Qu’ils mangent de la brioche. – “a great princess” (according to Rousseau)
I like cake, and I’m sure you do as well unless you’re some sort of disguised alien (just kidding)(not really). But I wonder if you’ve considered the amazing variety of cakes that there are? They come in many shapes, textures, flavors and presentations, and the familiar chocolate cake, wedding cake and the like represent a very small region of the cake world. Recently, I realized I hadn’t done any recipes lately, and since a couple of sex workers I follow on Twitter often mention how much they love cake I was inspired to share some favorites you might not find in the typical cookbook. I’ve assigned each of these recipes to one of the demi-seasons as I count them (each anchored by one of the sabbats), but you can really make most of them any time you like. Some of these recipes are easy, and some a bit trickier; the first two are actually brioches, and two others (one today and one tomorrow) could even be made with a box cake (just don’t tell me if you do that).
There are a few general things I should note before we start; if you’re an experienced baker you can skip this paragraph. First of all, DO NOT be tempted to replace butter with margarine; butter is pure fat, while margarine is an emulsion of fat and water which does not behave the same way in cake recipes and may ruin the results. If you want low-fat, I’ll be happy to share my recipe for angel food cake if you haven’t got one (it has no fat whatsoever). DO NOT omit salt if a recipe calls for it; it’s there for a reason, especially in the brioches (yeast needs a slightly saline environment in which to grow). Use large eggs, and unless a recipe says otherwise add them one at a time, beating for about a minute after each. You don’t need to use cake flour for any of these recipes, though you might get a slightly finer result from Moss Ross Cake (tomorrow) if you do. Though I’ve provided metric equivalents for most ingredients, I don’t know whether sticks of butter are the same size in other countries as in the US, where a standard stick is 4 ounces (113 grams). The same goes for pans; a 13” x 9” rectangular pan would be 33 x 23 cm, so use the closest equivalent. Test most cakes for doneness by inserting a wooden toothpick or skewer near the center; if it comes out clean, it’s done. Test sponge cakes (like Moss Rose) by lightly touching the top; if done, it will spring back. And since brioche is really a sweet bread, panettone and king cake are tested as bread is: by tapping on the top, which sounds hollow when done.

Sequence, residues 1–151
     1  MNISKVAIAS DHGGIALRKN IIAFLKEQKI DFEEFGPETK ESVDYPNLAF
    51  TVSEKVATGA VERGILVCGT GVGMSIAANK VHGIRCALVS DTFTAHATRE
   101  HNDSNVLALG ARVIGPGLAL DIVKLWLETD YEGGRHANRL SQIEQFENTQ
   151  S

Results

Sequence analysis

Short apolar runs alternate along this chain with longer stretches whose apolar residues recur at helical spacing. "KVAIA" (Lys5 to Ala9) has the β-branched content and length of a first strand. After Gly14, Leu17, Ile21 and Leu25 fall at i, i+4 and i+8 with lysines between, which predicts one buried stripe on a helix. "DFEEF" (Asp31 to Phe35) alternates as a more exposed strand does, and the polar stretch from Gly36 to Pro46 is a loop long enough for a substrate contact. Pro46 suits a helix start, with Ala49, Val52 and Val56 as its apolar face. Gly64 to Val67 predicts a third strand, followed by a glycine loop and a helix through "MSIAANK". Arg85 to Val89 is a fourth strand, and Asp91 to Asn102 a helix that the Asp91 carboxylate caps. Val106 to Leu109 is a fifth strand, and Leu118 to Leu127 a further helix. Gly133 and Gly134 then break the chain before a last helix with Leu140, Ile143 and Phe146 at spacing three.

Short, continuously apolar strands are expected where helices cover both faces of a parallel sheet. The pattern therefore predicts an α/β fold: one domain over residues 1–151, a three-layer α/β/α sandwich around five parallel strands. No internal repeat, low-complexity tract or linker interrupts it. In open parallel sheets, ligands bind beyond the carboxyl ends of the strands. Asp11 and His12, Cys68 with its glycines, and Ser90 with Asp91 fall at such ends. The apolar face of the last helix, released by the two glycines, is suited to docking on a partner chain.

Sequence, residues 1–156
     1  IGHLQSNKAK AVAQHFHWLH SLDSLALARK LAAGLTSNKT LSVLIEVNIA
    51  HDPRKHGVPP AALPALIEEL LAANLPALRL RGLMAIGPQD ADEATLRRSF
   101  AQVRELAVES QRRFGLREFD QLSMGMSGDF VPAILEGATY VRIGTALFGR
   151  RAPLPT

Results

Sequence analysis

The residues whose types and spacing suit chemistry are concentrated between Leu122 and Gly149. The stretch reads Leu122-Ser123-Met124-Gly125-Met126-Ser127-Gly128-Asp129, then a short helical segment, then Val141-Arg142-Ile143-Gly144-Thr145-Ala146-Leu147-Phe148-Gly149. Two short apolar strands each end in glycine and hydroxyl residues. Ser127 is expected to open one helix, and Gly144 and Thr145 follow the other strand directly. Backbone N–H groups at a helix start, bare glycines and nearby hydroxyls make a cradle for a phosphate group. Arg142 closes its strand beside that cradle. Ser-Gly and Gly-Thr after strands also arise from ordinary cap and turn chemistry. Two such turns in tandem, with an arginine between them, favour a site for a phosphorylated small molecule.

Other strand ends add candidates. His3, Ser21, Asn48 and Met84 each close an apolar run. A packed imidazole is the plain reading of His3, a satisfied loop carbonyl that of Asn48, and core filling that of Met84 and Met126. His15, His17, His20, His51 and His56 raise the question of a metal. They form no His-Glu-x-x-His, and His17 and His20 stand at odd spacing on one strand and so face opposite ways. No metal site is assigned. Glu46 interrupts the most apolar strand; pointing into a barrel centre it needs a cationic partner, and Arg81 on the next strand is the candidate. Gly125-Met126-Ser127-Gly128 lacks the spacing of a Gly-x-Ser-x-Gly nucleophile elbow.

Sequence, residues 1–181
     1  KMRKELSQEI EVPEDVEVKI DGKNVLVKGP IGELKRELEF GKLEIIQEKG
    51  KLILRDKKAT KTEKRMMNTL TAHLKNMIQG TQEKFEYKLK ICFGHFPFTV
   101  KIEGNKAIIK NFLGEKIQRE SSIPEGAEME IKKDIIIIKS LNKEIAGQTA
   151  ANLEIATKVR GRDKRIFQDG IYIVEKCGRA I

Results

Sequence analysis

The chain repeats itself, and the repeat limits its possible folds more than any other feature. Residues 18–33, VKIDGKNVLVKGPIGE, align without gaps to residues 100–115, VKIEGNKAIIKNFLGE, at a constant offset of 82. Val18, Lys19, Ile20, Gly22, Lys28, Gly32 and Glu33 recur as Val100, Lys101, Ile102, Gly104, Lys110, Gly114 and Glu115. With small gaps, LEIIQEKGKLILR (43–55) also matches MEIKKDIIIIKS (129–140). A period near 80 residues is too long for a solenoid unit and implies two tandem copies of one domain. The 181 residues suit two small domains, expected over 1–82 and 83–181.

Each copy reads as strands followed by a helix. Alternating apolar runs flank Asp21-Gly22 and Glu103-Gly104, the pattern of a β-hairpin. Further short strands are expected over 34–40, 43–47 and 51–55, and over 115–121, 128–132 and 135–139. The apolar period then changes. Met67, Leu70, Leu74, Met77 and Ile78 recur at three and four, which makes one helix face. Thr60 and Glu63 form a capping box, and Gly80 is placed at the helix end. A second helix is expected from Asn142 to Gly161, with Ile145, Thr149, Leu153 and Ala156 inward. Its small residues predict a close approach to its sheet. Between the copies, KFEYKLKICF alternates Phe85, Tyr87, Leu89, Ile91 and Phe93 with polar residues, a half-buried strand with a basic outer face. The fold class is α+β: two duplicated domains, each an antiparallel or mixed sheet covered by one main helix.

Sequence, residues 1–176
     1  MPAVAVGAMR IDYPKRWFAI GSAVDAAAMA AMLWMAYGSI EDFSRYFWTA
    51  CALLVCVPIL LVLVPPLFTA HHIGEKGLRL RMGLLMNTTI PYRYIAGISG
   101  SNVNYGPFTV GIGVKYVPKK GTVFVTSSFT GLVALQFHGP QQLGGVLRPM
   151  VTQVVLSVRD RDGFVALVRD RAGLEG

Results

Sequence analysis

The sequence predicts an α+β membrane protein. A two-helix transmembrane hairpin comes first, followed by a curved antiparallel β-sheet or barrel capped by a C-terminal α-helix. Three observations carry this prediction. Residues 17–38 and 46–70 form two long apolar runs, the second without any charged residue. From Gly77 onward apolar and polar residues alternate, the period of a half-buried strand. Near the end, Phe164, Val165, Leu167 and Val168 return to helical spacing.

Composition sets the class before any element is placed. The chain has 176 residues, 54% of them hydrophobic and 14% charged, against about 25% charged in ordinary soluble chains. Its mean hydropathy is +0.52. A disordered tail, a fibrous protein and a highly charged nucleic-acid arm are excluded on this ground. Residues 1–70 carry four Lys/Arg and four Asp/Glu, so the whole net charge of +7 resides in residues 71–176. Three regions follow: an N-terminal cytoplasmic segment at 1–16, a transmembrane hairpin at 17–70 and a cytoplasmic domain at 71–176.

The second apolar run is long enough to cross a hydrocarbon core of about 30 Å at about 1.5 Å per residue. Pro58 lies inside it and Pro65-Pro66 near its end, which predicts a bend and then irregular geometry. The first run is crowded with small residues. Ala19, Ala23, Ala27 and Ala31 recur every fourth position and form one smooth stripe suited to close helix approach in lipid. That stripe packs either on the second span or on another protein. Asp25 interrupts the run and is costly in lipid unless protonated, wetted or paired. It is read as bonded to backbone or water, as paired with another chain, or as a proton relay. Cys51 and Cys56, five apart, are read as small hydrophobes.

Yuletide (late November – January 5th)
Panettone is an Italian brioche traditionally eaten during Yuletide; you can buy it imported from Italy in a box, but making it fresh is so much better. You’ll need a peculiar baking tin for this one: a large, clean coffee can with a volume of about 3 liters, or something similar to that.
4½ to 5½ cups (1 to 1.3 liters) flour
1 package fast-rising yeast
1 teaspoon (5 ml) nutmeg
1 tablespoon (15 ml) ground orange peel (orange zest)
1¼ cups (300 ml) milk
½ cup butter (1 stick)
¼ cup (60 ml) sugar
½ teaspoon (2.5 ml) salt
1 teaspoon (5 ml) vanilla extract
1 cup (240 ml) raisins
½ cup (120 ml) candied orange peels
Combine 2 cups (480 ml) flour, yeast, nutmeg and zest in a large mixing bowl. Heat and stir milk, butter, sugar and salt in a small saucepan over medium heat until butter almost completely melts, then pour the mixture over the flour mixture and beat with electric mixer on low speed for 30 seconds. Add eggs and vanilla and mix on high speed for 3 more minutes. Stir in as much of the remaining flour as you can, plus raisins and peels. Turn dough onto a lightly floured surface and knead in enough of the remaining flour to make a moderately soft dough; this will take about 3 to 5 minutes and will still be slightly sticky when you’re done kneading. Shape the dough into a ball, put it in a lightly greased bowl (cooking spray is perfect for this) and turn the ball to grease the surface of the dough. Then cover it with a clean towel and let it rise in a warm, draft-free place for about an hour.